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Predicting Critical Transitions in ENSO Models. Part I: Methodology and Simple Models with Memory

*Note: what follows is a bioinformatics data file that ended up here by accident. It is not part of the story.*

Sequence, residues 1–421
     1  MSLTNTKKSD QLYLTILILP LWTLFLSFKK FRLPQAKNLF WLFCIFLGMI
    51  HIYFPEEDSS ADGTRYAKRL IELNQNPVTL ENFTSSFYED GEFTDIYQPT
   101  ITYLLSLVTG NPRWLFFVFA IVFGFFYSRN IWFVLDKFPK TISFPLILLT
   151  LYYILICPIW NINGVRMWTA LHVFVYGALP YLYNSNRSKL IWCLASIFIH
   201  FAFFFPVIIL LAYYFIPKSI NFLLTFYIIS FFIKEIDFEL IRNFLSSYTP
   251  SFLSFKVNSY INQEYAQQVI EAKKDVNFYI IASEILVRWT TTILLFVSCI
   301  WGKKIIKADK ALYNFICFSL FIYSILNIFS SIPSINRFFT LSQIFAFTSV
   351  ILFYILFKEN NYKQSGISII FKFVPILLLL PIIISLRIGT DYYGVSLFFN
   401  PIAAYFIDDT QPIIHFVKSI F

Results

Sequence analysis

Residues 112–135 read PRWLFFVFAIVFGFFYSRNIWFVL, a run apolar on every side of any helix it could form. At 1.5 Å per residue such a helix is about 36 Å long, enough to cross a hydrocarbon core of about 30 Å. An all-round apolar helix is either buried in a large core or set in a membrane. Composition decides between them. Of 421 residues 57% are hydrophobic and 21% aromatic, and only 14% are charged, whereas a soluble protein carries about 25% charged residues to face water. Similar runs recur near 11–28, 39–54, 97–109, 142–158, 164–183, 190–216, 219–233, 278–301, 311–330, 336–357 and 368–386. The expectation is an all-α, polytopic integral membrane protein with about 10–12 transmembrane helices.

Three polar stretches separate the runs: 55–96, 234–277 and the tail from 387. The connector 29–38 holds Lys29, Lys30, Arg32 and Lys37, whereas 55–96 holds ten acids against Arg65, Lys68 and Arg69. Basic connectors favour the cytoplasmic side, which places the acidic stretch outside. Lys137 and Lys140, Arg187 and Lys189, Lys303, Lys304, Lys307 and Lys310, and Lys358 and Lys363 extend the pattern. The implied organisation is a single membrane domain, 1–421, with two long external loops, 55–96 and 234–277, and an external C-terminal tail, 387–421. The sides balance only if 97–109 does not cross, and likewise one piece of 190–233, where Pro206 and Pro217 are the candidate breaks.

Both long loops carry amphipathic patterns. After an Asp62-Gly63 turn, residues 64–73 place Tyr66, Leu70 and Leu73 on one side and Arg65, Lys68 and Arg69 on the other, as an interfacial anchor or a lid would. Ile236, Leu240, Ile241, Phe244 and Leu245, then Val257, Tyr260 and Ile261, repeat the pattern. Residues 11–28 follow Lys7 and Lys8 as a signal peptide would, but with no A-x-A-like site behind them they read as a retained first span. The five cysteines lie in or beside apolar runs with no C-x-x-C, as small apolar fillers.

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A new empirical approach is proposed for predicting critical transitions in the climate system based on a time series alone. This approach relies on nonlinear stochastic modeling of the system's time-dependent evolution operator by the analysis of observed behavior. Empirical models that take the form of a discrete random dynamical system are constructed using artificial neural networks; these models include statedependent stochastic components. To demonstrate the usefulness of such models in predicting critical climate transitions, they are applied here to time series generated by a number of delay-differential equation (DDE) models of sea surface temperature anomalies. These DDE models take into account the main conceptual elements responsible for the El Niño-Southern Oscillation phenomenon. The DDE models used here have been modified to include slow trends in the control parameters in such a way that critical transitions occur beyond the learning interval in the time series. Numerical results suggest that the empirical models proposed herein are able to forecast sequences of critical transitions that manifest themselves in future abrupt changes of the climate system's statistics.

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